According to a 2016 EEOC report, most people take no formal action after they are harassed.
Kayla (not her real name), a 44-year-old Milwaukee woman who is a government employee and former member of the military, never reported her abuse. Years ago as a unit administrator she experienced constant sexual harassment — both verbal and physical — from male superiors.
She explained that when people complain, they become the problem. That’s why she never even considered reporting the inappropriate behavior. “People can make your job miserable … It’s like, do I really want to fight this battle? It can dead-end you.”
She said she sees it happen all the time: someone files a complaint against a coworker or superior and the only action taken by leadership is shuffling both to a different location. Or, complaints are simply ignored when they’re against officials of a higher rank with close ties to the organization’s leaders.
“With any form of complaint, you really don’t have a leg to stand on … you’d probably have to be almost raped for it to have some action taken on it.”
She first experienced harassment from male coworkers when she went to an out-of-town conference with other government employees. A colleague knocked on her hotel room door and told her about an unspoken understanding among the administrators that when they travel, “basically, they hook up,” she said.
In the office, a male supervisor would often hug her and kiss her on the cheek. He told all the female employees that they had to walk past his office every time they came into the building. He targeted Kayla, asking questions about her personal life, hovering around and leaning over her desk.
Even after she lashed out at him in front of coworkers, his behavior progressively got worse. It began to take a mental toll on her.
A 2009 study by psychiatry scholars at the University of Illinois at Chicago found that people of ethnic minorities experience the highest levels of workplace harassment and discrimination, leading to drinking problems and other mental health issues, especially for women.
Both problem drinking and poor mental health became issues for Kayla. She eventually sought mental health counseling at the VA when the harassment made work so intolerable that she was using all her sick leave to avoid going to the office.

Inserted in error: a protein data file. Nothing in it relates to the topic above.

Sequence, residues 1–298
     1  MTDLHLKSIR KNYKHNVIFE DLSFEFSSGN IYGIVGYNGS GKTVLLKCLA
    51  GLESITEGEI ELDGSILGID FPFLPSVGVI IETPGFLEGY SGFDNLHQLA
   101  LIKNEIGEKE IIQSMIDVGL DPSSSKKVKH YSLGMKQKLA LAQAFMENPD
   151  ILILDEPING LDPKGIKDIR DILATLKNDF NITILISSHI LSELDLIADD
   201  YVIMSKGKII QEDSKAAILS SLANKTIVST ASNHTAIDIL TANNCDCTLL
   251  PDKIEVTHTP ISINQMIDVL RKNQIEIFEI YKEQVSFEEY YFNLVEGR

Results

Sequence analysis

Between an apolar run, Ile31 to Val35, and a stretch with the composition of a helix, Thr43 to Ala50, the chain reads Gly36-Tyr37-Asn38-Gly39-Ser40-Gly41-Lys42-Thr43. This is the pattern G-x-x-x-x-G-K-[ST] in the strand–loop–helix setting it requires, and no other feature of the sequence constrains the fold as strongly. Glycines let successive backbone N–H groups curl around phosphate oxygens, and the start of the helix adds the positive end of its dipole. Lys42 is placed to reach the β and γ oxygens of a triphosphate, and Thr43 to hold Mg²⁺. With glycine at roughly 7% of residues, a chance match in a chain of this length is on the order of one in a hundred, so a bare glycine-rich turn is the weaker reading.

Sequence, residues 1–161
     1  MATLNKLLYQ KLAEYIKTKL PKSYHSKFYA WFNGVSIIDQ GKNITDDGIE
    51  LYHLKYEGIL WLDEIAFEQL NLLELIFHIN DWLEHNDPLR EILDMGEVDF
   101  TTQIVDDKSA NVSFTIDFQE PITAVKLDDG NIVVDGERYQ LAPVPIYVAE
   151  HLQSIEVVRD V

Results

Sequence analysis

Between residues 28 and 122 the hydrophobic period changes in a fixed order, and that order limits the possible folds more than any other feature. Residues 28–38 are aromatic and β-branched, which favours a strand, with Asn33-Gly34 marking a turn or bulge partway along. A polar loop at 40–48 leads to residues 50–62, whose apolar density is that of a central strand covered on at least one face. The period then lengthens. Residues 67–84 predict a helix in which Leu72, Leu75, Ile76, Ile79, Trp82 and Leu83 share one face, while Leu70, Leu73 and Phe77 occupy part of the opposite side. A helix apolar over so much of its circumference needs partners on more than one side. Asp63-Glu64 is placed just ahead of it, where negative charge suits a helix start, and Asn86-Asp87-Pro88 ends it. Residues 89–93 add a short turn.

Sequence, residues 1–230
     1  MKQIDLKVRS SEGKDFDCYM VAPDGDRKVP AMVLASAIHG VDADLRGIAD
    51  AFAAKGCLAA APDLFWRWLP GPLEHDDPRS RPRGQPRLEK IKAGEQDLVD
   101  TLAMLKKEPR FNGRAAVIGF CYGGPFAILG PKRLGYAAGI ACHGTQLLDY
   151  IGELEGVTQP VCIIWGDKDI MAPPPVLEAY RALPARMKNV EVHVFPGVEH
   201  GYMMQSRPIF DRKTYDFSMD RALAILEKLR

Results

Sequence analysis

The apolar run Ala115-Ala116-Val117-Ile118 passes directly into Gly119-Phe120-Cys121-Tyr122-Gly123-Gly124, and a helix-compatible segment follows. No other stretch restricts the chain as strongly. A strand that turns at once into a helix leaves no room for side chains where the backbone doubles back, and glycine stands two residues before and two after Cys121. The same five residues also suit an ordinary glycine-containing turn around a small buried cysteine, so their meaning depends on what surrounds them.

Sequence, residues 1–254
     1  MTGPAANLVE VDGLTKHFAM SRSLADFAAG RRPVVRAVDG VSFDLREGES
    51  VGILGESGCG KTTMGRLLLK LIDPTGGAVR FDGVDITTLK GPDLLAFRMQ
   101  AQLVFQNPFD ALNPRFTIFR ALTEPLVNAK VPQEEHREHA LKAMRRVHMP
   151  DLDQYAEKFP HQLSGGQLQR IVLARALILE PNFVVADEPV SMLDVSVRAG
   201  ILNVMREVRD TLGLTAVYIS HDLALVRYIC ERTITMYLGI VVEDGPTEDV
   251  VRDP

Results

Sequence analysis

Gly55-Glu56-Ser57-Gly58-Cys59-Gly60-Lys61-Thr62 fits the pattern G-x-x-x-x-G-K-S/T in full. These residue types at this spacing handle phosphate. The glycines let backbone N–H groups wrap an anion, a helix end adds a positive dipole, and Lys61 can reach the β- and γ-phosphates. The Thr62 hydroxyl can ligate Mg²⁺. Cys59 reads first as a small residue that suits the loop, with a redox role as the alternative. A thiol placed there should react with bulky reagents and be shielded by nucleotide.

Seeing a psychiatrist has helped her work through these issues and move forward in her career.
In addition to the trauma she struggles with from sexual harassment, she constantly feels overly scrutinized and supervised at work. She believes the fact that she is both a woman and African-American is a factor. “I don’t get to do my job in the same capacity as everybody else.”
Targets of harassment often experience “intersectional” harassment, or both race- and gender-based mistreatment, according to the EEOC 2016 report. Few researchers have collected data on this phenomenon, but a 2015 study in the American Journal of Industrial Medicine found that people of color are not only more likely to be victims of workplace injustice but also to suffer more adverse outcomes as a result.
The trauma of sexual harassment doesn’t go away, survivors report. Decades later, Angel said her experiences at the fast food restaurants still affect her. She said she believes they instilled a serious, standoffish, no-nonsense demeanor at work.
“Some describe me as mean. I don’t think I’m mean, I just don’t want to give anybody the wrong impression that advances are welcome.”
She often talks to her daughters, 25 and 14, about her experiences so they can be aware and protect themselves. She tells them how to conduct themselves and how to respond: to say something right then and there.
“My biggest mistake was not telling my mom,” she said. “I decided to leave instead, but the problem with that is you leave that same person behind in the same position having the same power over other young women that you know they are abusing.”